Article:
is never just one way to look at something –
there are always different perspectives, meanings, and
perceptions, depending on who,
why and how is looking.
4 NLP Perceptual Positions
Creative Problem Solving
4x2 Perceptual Positions
Smart & Fast
can help you gain new understanding through seeing things from different
There are various versions
of the story of the blind men and the elephant. The blind men and the
elephant is a legend that appears in
different cultures different cultures
‒ and the tale dates back thousands of years. Some versions
of the story feature three blind men, others five or six, but the message is
always the same.
Here's a story of the six blind men and the elephant.
blind men were discussing exactly what they believed an elephant to be,
since each had heard how strange the creature was, yet none had ever seen
one before. So the blind men agreed to find an elephant and discover what
the animal was really like.
didn't take the blind men long to find an elephant at a nearby market.
first blind man approached the beast and felt the animal's firm flat side.
"It seems to me that the elephant is just like a wall," he said to his
second blind man reached out and touched one of the elephant's tusks. "No,
this is round and smooth and sharp - the elephant is like a spear."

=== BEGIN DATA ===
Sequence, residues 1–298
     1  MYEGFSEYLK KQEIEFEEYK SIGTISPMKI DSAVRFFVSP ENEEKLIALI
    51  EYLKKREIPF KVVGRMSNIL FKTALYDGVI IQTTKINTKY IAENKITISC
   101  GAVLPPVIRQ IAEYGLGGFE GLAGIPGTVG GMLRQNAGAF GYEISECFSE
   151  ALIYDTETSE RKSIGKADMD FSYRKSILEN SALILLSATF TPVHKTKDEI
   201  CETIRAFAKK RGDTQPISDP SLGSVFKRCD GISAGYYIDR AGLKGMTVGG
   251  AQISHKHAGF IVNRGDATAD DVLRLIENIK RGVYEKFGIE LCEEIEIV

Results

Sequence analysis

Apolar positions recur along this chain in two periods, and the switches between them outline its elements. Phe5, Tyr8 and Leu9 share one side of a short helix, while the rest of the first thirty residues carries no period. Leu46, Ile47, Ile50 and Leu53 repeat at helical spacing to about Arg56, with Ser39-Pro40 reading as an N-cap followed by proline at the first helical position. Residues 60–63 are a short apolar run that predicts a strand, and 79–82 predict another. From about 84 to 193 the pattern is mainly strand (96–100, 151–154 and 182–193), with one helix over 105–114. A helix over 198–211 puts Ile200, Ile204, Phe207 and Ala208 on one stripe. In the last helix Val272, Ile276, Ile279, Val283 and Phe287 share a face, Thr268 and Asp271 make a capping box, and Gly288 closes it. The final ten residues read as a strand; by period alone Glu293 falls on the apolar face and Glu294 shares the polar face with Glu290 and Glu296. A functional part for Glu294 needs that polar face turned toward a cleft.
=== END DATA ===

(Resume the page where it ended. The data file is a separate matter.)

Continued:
Intrigued, the third blind man stepped up to the elephant and touched its
trunk. "Well, I can't agree with either of you; I feel a squirming writhing
surely the elephant is just like a snake."
fourth blind man was of course by now quite puzzled. So he reached out, and
felt the elephant's leg. "You are all talking complete nonsense," he said,
"because clearly the elephant is just like a tree."
confused, the fifth blind man stepped forward and grabbed one of the
elephant's ears. "You must all be mad –
an elephant is exactly like a fan."
the sixth man approached, and, holding the beast's tail, disagreed again.
"It's nothing like any of your descriptions
the elephant is just like a rope."
six blind men continued to argue, based on their own particular experiences,
as to what they thought an elephant was like. It was an argument that they
were never able to resolve. Each of them was concerned only with their own
idea. None of them had the full picture, and none could see any of the
other's point of view. Each man saw the elephant as something quite
different, and while in part each blind man was right, none was wholly
You Are What You Think